“This report is comprehensive and well researched, and overall we’re pleased it’s raised issues of importance and ways forward, for not only the Environment Agency, but for local authorities, utilities and emergency responders.

“It’s also encouraging that the report reinforces the importance of individuals in taking responsibility for protecting themselves and their properties. We can’t stop the rain but we can all work together to reduce the impacts of flooding,” Paul Leinster said.

People can check their flood risk and find advice on how to prepare for flooding at To sign up to the Environment Agency’s free Floodline Warnings Direct, call 0845 988 1188.

For link to EA website, follow the link below:

CLA supports Pitt Review

The CLA today (25 June 2008) gave its support to many of the measures recommended in the Pitt Review into last summer's devastating floods.

The rural economy experts also welcomed Environment Minister Phil Woolas' statement that the Government was ready to back up the proposals by "providing authorities with the powers to ensure that organisations and landowners responsible fulfil their obligations, for example by maintaining drains".

CLA President Henry Aubrey-Fletcher said: "The CLA supports this approach and it serves as a reminder to the Environment Agency and other relevant authorities that they need to get their house in order where they have a responsibility for maintaining water courses. This applies equally upstream and downstream of towns and villages but the agency must be provided with meaningful funds in order to undertake these additional tasks.

"Land managers and farmers are ideally placed to help prevent downstream flooding through managed flood alleviation projects. We have been consulting with partners to try to find ways of funding this type of scheme through environmental contracts. There is huge potential if the Government can be flexible enough to encourage environmental markets that can then save millions of pounds downstream."

The CLA will be looking closely at how the extra £37.5 million that has been made available is spent - along with how the proposals are implemented so that land managers can make a positive contribution.

Sir Michael Pitt's review – launched today (25 June 2008) - recommends working with natural processes to reduce flooding risk.

For more, follow the link here:

NFU speaks out on Flooding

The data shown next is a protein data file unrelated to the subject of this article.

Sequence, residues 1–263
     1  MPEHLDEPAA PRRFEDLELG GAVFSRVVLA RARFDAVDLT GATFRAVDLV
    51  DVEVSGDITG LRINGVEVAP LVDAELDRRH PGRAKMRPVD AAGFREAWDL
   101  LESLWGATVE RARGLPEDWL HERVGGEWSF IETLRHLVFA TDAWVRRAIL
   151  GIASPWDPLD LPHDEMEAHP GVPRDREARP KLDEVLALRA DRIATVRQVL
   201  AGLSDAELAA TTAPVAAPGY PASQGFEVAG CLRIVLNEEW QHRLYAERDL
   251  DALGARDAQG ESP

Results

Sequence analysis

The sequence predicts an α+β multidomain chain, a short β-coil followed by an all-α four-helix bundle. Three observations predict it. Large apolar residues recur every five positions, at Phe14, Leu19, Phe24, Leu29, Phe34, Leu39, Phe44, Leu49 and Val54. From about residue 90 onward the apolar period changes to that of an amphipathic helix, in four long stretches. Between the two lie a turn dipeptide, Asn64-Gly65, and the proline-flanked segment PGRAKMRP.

Farmers miss out on flooding fund

23 June 2008

Farmers and growers will not share in the EU flooding fund set up for damage caused by the flooding during summer 2007 despite suffering losses worth millions of pounds.

The EU Commission has announced 162.4 million euros from the European Solidarity Fund to help deal with the 'consequences of devastating floods' that hit the UK last summer.

However, the NFU is angered none of this money will find its way to helping farmers and growers who had homes ruined, crops destroyed and livestock put at risk. Vice President Paul Temple has spoken with farmers across the country who lost crops and suffered severe economic damage.

"Farmers and growers bore significant costs and disruption during last summer's floods with estimates of almost 50,000ha being flooded", he said.

"While the EU's announcement of 162m euros is obviously welcome for the nation as a whole, it again highlights the totally inadequate assistance made available to farmers and growers last summer.

"While farm businesses suffered losses of up to £250,000, help was limited to £2,500. Farmers are seeking recognition of the problems that occurred and are looking for local solutions to be found.

"We hope Sir Michael Pitt, in his report on the summer floods to be published on Wednesday (June 25), will recommend increased help following the flooding of last summer."

Watercourse maintenance key to effective flood risk management

24 June 2008

Good watercourse maintenance is vital in both flood risk and water level management and the Pitt Review must ensure adequate attention is paid to the issue says the NFU and the Association of Drainage Authorities.

Both the NFU and ADA made watercourse maintenance a key point of their submissions to the Pitt Review into last summer's floods, the report of which is due to be published tomorrow (Wednesday).

NFU Vice President Paul Temple said: "Inadequate maintenance is one of the key concerns of our members and is the reason why many of them suffered prolonged flooding, sometimes lasting several weeks, following the events of last summer. Efficient and suitable maintenance activities may not have prevented the exceptional flooding we saw but would certainly have reduced the impact in some areas and allowed many communities to recover much quicker. It is vital the Pitt Review considers the maintenance issues that arose following last summer's floods and recommends action is taken to deal with them."